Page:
KACC Soldiers recognized for emergency care
October 18, 2012
FORT GEORGE G. MEADE, Md. (Oct. 18, 2012) -- The U.S. Army Safety Guardian Award was presented Oct. 10 to Staff Sgt. Timothy Matz and Spc. Derek Miller of the Kimbrough Ambulatory Care Center for helping to save the life of a fellow Kimbrough employee in January.
Brig. Gen. (P) Joseph Caravalho Jr., commanding general, Northern Regional Medical Command, U.S. Army Medical Command, presented the award in a brief ceremony at Kimbrough's Rascon Center.
The U.S. Army Safety Guardian Award is given by the Office of the Director of Army Safety to an individual who, through extraordinary individual action in an emergency situation, prevents an imminent dangerous situation, minimizes or prevents damage to Army property, or prevents injury to personnel.
This is the first time the award has been presented to Kimbrough personnel, and it is the first time in three years that the award has been presented within the Northern Regional Medical Command.
"You ought to be proud of yourselves," Caravalho said. "On behalf of the surgeon general, thank you for a superb job."
Matz, the noncommissioned officer in charge of primary care, and Miller, the NCOIC of internal medicine, were recognized for helping to save Jesse John Warren Booker III on Jan. 30. Booker was a licensed practical nurse who worked on the Red and White teams.
"You guys really took to heart what you were trained to do," said Col. Danny B.N. Jaghab, commander of Kimbrough and the U.S. Army Medical Activity, Fort Meade.
Jaghab said the Soldiers "remained calm in a situation that was full of panic and full of excitement."
On the day of the incident, Matz, then the NCOIC of the Red Clinic, noticed that Booker was a little late for work. A nurse saw Booker sitting in his SUV in the Kimbrough parking lot with the windows up and thought it was a bit odd.
Soon after, Matz went out to the vehicle, waved at Booker and asked if he was OK.
"He nodded his head 'yes,' " said Matz after the ceremony. "Then I went back inside."
When another nurse went out to the parking lot, she saw that Booker was having a seizure and ran back to Kimbrough screaming for help.
Miller, who was then a health care specialist in the Red Clinic, heard the nurse's screams and got Matz. The two Soldiers ran out to the parking lot with an automated external defibrillator. Kimbrough personnel called 911.
The vehicle's doors were locked so Matz tried to open a window with his pocket knife. When that didn't work, he got a tire iron from his car, which was parked near Booker's vehicle.
Matz, who served four tours as a combat medic in Iraq, used the tire iron to safely break open the back window of the SUV.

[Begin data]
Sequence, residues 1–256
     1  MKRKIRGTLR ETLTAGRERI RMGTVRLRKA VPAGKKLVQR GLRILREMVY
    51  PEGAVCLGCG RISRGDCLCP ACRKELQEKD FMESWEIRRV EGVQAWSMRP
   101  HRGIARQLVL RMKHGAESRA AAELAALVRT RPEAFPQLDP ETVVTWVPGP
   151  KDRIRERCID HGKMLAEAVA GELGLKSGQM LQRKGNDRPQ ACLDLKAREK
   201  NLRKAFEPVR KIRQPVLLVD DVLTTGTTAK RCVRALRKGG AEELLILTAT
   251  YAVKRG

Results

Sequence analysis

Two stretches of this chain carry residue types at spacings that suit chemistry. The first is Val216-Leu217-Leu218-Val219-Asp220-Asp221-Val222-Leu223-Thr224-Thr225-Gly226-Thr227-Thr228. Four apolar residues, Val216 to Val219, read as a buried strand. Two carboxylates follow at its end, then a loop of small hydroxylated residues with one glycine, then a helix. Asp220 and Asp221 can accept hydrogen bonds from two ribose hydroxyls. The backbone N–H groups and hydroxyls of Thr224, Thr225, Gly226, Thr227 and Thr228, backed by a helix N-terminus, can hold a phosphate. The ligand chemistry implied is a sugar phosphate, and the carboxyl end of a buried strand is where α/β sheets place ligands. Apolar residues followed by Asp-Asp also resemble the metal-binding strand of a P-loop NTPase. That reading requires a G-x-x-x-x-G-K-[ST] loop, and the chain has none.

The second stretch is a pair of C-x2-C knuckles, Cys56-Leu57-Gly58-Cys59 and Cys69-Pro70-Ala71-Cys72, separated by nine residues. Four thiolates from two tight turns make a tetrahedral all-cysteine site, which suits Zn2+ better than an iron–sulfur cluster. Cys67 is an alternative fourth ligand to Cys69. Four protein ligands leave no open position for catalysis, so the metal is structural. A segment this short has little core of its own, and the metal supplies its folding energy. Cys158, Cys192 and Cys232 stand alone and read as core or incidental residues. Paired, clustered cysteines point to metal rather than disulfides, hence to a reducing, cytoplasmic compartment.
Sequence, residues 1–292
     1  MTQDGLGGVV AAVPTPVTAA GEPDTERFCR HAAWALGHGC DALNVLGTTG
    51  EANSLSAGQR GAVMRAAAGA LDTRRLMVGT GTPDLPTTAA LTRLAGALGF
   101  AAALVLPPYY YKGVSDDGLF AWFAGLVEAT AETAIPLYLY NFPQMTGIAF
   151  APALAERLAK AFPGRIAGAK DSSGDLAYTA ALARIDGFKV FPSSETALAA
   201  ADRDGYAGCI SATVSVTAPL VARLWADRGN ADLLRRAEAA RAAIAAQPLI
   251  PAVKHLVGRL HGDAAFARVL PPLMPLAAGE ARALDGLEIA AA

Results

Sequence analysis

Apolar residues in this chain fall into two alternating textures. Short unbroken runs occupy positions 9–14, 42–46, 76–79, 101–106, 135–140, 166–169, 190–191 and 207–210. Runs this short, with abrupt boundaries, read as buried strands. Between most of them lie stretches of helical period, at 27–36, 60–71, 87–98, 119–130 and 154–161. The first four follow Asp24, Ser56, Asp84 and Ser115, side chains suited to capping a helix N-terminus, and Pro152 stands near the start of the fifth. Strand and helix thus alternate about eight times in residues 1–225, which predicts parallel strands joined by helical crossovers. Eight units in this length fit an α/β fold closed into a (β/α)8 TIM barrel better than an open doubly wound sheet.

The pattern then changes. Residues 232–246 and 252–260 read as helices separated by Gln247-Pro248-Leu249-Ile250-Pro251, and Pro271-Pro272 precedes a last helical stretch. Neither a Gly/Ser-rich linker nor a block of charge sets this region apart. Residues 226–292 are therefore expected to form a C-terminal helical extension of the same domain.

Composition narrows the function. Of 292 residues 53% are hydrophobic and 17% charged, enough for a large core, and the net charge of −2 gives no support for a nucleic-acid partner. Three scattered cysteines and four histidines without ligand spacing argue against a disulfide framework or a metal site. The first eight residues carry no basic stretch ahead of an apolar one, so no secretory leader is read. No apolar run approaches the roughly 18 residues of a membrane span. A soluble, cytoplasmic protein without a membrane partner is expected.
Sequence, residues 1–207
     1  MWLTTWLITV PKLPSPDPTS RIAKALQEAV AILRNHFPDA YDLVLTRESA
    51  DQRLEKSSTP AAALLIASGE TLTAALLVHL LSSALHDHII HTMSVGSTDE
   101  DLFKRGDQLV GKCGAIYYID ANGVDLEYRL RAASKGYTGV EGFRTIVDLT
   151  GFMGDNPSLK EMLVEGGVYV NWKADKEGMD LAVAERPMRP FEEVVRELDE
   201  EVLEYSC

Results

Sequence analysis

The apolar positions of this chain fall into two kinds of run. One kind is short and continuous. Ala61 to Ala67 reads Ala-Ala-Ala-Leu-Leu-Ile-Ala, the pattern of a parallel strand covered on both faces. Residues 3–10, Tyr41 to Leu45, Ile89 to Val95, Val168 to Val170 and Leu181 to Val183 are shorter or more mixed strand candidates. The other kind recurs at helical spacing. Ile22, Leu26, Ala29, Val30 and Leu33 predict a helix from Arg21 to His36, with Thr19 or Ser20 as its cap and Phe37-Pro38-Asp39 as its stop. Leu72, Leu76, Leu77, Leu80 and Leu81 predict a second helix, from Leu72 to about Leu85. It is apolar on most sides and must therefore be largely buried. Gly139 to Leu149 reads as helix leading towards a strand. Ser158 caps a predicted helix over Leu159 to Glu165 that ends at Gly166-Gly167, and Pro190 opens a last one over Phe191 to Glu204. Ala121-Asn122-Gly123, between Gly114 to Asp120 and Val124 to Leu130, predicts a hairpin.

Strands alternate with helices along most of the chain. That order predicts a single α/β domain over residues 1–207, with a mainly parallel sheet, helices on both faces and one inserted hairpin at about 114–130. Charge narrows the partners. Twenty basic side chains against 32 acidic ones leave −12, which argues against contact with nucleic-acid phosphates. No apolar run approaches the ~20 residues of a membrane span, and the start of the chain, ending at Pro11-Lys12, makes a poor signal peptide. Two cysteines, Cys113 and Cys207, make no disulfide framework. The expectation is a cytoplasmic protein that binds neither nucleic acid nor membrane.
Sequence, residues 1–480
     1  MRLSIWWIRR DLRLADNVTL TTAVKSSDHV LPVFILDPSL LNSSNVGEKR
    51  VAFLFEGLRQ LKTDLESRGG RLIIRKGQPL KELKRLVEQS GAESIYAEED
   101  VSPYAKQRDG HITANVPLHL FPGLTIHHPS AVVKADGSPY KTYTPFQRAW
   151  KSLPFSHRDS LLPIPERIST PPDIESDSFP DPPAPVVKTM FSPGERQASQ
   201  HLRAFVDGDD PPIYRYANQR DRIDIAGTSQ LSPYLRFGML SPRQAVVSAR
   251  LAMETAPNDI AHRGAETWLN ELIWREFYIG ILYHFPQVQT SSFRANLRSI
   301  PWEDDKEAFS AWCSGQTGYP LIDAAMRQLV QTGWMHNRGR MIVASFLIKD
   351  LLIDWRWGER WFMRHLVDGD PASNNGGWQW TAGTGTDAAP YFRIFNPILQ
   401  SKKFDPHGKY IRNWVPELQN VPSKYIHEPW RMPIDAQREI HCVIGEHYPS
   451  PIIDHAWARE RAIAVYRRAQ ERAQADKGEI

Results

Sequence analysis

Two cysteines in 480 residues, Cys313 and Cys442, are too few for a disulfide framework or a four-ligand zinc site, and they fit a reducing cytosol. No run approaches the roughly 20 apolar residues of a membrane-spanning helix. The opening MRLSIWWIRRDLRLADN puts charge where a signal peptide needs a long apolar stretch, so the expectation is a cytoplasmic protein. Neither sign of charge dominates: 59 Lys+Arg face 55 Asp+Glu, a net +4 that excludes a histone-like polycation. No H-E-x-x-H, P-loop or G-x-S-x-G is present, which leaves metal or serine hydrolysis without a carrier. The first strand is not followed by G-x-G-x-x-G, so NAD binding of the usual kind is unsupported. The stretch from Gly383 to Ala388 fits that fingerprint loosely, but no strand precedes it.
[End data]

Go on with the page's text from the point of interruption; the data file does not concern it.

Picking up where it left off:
"I climbed into the back of the vehicle and unlocked the front door," said Miller after the ceremony.
He said he gave Booker a rapid trauma assessment on the spot and checked his vital signs. Booker was breathing and had a pulse.
Emergency medical services personnel arrived shortly later and removed Booker from the vehicle. He was taken to a local hospital.
"You just do what you've been taught to do in terms of medical procedures," said Miller, who also served a tour in Iraq as a line medic.
Matz said he and Miller had "a game plan" for gaining access to the vehicle and assessing Booker's condition.
"When you're treating someone and your emotions get in the way, you can miss something," Matz said. "You set your emotions aside."
Matz and Miller both sustained lacerations on their hands from the broken window.
Although Booker, 63, returned to visit Kimbrough to thank those who had helped him, he later died on March 6 at the Washington Home Community Hospice in Washington, D.C.
Maj. Richard Rickley, head nurse of Kimbrough's Department of Primary Care, nominated the Soldiers for the award.
"I am proud of the initiative these Soldiers took that morning," Rickley said. "Staff Sergeant Matz and Specialist Miller displayed the Army values as they applied their 68W Medic training."
Matz said it was "an honor" to receive the award. "It made both of us feel pretty good," he said.
"I am grateful that someone thought it was important to recognize us," Miller said.
After the ceremony, Miller recalled how he and Booker often talked about music. Miller said Booker knew several members of the U.S. Army Field Band and that he encouraged him to join the Field Band as a guitarist.
Miller said when a combat medic is deployed and treating service members in the field, "you don't really know them."
But for him, this incident was different.
"When it's someone you consider a close friend, it hits home," Miller said.